Willis Tower Carries On The Tradition Of Pearl Jam, The Beach Boys

A national landmark is getting a new moniker today, as Chicago's Sears Tower will now be known as Willis Tower. Though it's unlikely that this generation of Chicagoans will actually refer to the building as such, it's still a jarring shift. There's already plenty of backlash against the new name, but if the music world has taught us anything, it's that sometimes a name change is the best thing that can happen (and as Willis Group Holdings chairman Joseph Plumeri points out, it's already working out for the city — the new name brings several hundred jobs with it). Here are five artists who probably wouldn't have been able to break out under their old moniker.

» Pearl Jam: Though they have always recorded as Pearl Jam, the grunge-era quintet originally began its life as Mookie Blaylock. What's a Mookie Blaylock? He was the point guard for the Atlanta Hawks in the early '90s, and most of the bandmembers were big basketball fans. They switched to Pearl Jam in time to sign their recording contract, but they still paid homage to their former name on their first album Ten, which was Blaylock's jersey number. Why It Worked: Though "Pearl Jam" still sounds a little silly 20 years later, it seems unfathomable that the band would have gotten the amount of respect that they've accumulated had they stuck with their original name.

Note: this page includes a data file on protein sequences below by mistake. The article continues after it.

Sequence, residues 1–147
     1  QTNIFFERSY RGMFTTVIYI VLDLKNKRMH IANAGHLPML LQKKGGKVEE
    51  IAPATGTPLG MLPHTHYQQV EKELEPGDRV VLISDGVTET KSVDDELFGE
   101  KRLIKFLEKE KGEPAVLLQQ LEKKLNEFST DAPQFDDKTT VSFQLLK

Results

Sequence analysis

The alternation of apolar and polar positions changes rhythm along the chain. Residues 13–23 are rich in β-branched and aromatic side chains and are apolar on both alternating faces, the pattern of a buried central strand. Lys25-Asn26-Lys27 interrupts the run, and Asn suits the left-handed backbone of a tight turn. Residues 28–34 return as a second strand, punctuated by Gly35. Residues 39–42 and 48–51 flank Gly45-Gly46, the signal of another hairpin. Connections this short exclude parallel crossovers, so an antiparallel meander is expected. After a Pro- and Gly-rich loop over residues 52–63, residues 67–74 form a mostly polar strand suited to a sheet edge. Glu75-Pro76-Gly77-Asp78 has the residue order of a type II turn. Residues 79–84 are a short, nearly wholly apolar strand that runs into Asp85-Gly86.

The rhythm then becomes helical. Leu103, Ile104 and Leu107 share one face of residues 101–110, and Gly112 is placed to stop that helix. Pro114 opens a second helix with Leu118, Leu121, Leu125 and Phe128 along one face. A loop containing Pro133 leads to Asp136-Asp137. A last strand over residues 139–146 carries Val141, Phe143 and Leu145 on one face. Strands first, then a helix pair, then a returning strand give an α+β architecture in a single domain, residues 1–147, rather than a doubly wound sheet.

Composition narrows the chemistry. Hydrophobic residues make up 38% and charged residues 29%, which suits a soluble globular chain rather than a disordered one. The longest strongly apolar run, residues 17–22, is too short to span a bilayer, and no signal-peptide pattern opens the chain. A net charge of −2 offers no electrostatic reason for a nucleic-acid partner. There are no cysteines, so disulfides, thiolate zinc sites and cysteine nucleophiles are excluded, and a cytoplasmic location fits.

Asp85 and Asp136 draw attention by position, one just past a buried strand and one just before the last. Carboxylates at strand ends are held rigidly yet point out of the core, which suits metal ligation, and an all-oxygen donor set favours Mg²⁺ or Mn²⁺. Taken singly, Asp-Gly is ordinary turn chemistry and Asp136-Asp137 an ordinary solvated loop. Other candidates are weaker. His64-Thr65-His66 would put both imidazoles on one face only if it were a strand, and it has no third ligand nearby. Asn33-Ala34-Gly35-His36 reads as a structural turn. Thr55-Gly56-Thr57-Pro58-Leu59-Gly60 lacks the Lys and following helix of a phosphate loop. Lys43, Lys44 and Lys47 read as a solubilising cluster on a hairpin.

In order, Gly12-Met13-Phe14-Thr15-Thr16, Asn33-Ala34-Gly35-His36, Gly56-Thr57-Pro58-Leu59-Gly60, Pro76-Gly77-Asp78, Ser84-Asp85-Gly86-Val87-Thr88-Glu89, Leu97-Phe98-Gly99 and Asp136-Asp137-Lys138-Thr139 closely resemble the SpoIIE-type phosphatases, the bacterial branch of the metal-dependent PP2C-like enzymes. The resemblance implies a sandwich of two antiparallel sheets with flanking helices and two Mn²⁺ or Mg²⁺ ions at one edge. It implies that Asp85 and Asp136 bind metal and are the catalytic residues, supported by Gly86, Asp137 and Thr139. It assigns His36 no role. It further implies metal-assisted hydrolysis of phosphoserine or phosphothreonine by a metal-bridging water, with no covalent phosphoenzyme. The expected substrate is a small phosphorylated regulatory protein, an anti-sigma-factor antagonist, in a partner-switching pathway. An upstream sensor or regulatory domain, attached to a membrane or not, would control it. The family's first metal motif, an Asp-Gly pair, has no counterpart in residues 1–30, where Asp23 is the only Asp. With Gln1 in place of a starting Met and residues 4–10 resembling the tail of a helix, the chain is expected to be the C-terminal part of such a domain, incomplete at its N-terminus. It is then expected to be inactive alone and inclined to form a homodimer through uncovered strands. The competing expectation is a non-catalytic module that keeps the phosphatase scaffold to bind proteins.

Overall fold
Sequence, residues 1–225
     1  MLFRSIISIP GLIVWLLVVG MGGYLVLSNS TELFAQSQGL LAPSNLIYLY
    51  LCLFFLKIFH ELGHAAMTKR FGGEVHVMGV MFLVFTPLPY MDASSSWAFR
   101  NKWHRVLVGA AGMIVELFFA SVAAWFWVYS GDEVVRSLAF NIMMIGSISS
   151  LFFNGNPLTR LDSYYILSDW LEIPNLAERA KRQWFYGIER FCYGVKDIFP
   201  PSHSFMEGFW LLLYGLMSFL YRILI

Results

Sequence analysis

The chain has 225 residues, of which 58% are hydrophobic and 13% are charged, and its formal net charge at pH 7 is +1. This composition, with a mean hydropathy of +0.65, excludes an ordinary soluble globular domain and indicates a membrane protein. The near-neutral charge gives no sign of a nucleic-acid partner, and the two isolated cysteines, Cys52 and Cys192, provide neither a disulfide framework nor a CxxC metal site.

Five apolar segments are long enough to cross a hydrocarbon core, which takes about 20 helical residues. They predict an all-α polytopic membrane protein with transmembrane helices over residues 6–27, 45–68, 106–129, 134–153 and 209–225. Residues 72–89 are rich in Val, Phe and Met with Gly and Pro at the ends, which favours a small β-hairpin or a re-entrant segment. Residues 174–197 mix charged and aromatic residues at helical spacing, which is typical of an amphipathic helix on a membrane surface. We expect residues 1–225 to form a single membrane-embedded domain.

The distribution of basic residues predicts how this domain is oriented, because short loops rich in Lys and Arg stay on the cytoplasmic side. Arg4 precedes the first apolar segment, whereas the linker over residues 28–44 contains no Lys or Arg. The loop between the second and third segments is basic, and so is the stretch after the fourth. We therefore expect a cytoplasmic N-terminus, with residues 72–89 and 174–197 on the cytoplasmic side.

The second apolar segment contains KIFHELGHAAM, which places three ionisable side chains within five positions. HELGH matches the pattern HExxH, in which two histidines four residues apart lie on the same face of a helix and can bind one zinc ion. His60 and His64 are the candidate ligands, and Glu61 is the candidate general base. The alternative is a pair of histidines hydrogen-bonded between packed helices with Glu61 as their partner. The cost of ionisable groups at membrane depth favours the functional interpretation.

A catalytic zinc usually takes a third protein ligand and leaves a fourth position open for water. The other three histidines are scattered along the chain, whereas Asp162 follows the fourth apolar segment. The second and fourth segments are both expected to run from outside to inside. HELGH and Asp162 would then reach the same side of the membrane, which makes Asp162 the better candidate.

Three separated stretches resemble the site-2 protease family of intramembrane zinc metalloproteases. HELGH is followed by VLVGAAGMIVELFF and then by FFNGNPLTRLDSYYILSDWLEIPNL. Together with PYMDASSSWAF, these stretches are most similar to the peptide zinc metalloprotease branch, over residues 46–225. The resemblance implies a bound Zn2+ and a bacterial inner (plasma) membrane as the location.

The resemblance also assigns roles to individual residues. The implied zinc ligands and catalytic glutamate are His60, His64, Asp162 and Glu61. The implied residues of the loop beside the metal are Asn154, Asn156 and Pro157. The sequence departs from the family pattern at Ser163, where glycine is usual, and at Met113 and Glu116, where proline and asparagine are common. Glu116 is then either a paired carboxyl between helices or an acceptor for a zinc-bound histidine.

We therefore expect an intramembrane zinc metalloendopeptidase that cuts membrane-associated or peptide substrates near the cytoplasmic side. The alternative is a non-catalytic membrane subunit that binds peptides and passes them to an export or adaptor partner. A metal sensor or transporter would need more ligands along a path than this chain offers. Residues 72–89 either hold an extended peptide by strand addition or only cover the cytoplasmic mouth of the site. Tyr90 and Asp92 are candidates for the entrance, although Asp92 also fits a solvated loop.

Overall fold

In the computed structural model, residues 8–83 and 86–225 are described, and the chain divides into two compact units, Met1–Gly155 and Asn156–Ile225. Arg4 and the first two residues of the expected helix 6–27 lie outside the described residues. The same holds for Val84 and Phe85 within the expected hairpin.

» John Mellencamp: The "Hurts So Good" rocker began his career as Johnny Cougar (though he says he never agreed to that name). He released three albums under that moniker before transitioning to John "Cougar" Mellencamp and finally simply as John Mellencamp. Why It Worked: Had he stuck with "Johnny Cougar," he probably would have been confused with a singer who appeals directly to 40-something women.

» The Beach Boys: Brian Wilson is responsible for some of the most brilliant compositions in pop music history, but one of his earliest contributions to the band was definitely a misstep. When his group first started recording, they were known as the Pendletones (named after a popular type of shirt that the boys would wear during shows). When they produced their first single "Surfin,'" the record label changed their name to the Beach Boys without their knowledge. Why It Worked: Everything that group represents is summed up in the name "The Beach Boys," while "The Pendletones" sounds like a fictional band from "That Thing You Do."

» Maroon 5: The members of Maroon 5 have actually been playing music together since 1994, but they spent their first six years as a group as Kara's Flowers (supposedly named after a girl they all had a crush on). Since Kara's Flowers had a heavier sound than what they became famous for on their breakout album Songs About Jane, they decided they needed a clean start to distance themselves from their former work. Why It Worked: Maroon 5 isn't the greatest name in the world, but Kara's Flowers sounds like a mid-'90s riot grrrl act, not a group of funky white dudes.

» Spinal Tap: Before they were England's loudest band, Spinal Tap started as a skiffle outfit known as the Thamesmen. When they decided to shift their sound to the heavier vibe that made them famous, they ditched the Thamesmen and settled on Spinal Tap. Why It Worked: "The Thamesmen" doesn't sound very hardcore, while "Spinal Tap" sounds downright painful — like good metal should be.